This change is backwards compatible that jobs can recover from state which was generated by prior flink versions, and if no retry strategy enabled the behavior is as before.
No state changes in AsyncWaitOperator.

Test Plan

Add more test cases in  AsyncWaitOperatorTest

Rejected Alternatives

We tried two implementations:

  1. based on timer trigger (as described above)
  2. based on DelayQueue with a pull fashion 

and prefer the timer-based solution, which obtains precise delay control through simple logic and only needs to pay (what we consider to be acceptable) timer instance cost for the retry element. 

Comparation of the two implementations:




based on timer

1. simple
2. precise delay time

1. rely on timer service and more timer instances

based on DelayQueue

1. no timer instance

1. rely on java DelayQueue and Slightly more complex
2. Loss of delay time accuracy
3. The cost of polling the DelayQueue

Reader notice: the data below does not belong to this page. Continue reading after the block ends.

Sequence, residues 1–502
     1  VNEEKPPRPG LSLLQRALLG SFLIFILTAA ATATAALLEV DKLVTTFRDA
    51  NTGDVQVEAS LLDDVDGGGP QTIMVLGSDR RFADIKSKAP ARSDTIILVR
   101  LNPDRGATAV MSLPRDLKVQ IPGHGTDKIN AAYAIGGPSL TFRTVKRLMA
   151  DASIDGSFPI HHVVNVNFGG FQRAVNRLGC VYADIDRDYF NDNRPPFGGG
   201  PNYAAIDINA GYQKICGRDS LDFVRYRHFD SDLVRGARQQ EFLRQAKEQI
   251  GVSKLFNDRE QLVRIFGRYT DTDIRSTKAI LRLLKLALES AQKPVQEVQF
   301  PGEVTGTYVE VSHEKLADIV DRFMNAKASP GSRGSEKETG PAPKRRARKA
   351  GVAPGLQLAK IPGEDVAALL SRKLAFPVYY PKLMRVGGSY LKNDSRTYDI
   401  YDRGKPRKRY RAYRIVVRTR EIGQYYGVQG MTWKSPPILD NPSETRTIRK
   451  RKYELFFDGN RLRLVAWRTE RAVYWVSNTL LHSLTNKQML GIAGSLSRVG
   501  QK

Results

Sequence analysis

Based on DelayQueue with a pull fashion

The main difference between solution 1. is not rely on the timer service and use a java.concurrent.DelayQueue to save toRetry items (Make StreamRecordQueueEntry retryable by implements Delayed Interface).
And check if any delayed retry element expires and do retry (both in processElement and processWatermark, yes the retry is only triggered by new inputs or watermark, this sacrifice some trigger time precision and some queue check cost, but no new thread here and can reduce timer instances)

The operator open-close and state snapshot-recovery phase are almost the same.

Introduce a memory safe external queue to replace the worker/delay queue